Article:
SouthCoast Drought Impacts Fall Harvest and Christmas Trees
The drought is having an impact on the fall harvest in southern New England and could impact the availability and price of locally-grown Christmas trees.
The dried-out leaves of some trees changed colors and fell to the ground in mid-August in some locations. It was a long, hot summer for farmers along the SouthCoast and throughout much of New England.
According to the Associated Press, "This summer's drought is expected to cause a patchy array of fall color starting earlier in the leaf-peeping haven of New England while the autumn colors are likely to be muted and not last as long in the drought and heat-stricken areas of the south."
Fall foliage season is big business in New England, from the apple, peach, and pumpkin harvests here in southern New England to weekend forays to the mountains up north.
Nicole Keleher, director of Forest Health for the Massachusetts Department of Conservation and Recreation, told the Boston Herald that "There are a lot of colors we'll still see, but it might not be as brilliant and as vibrant as we're used to."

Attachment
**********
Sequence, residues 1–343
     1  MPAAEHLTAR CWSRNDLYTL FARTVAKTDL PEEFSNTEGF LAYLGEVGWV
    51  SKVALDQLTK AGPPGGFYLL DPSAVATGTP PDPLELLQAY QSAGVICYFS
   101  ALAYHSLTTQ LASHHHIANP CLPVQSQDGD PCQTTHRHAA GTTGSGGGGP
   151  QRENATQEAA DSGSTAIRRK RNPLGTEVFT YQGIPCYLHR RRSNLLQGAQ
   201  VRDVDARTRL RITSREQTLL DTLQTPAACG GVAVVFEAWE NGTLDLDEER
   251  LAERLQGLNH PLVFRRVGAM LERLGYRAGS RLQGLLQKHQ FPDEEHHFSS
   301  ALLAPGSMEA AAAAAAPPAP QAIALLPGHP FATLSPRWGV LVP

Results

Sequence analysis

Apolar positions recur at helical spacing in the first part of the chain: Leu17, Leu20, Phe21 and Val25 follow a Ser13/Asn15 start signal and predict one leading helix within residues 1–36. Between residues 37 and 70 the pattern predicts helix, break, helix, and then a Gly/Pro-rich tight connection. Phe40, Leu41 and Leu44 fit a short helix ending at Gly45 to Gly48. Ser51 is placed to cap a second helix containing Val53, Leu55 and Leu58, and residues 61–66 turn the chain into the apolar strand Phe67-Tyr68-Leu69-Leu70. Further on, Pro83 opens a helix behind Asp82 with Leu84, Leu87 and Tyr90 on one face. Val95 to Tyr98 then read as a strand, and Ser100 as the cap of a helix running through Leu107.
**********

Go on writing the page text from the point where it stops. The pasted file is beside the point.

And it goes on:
Prospective leaf-peepers are advised to monitor foliage updates online as things may be ahead of schedule due to the drought.
CBS Boston quoted one farmer saying apple orchards at some Massachusetts farms are "very, very light on apples." National Public Radio reported that "Severe drought means harvests will be smaller in Massachusetts."
According to Jill Kaufman from New England Public Media, the U.S. Department of Agriculture declared the drought in most of Massachusetts, including here on the SouthCoast, a natural disaster.
"Most summer crop harvests in Massachusetts will be smaller this year, at a time when inflation has made supplies more expensive. Fuel costs and labor are really high," Kaufman said.
As a result, prices will increase as well.
Overall, pumpkin supplies here on the SouthCoast appear to be plentiful and prices stable. Some farmers in western Massachusetts say the peach crops there were smaller but sweeter due to the lack of rain.
NBC 10 Boston reported the next thing to worry about is the potential for limited Christmas tree supplies due to the drought. One expert recommends "tagging trees early this year due to limited supply."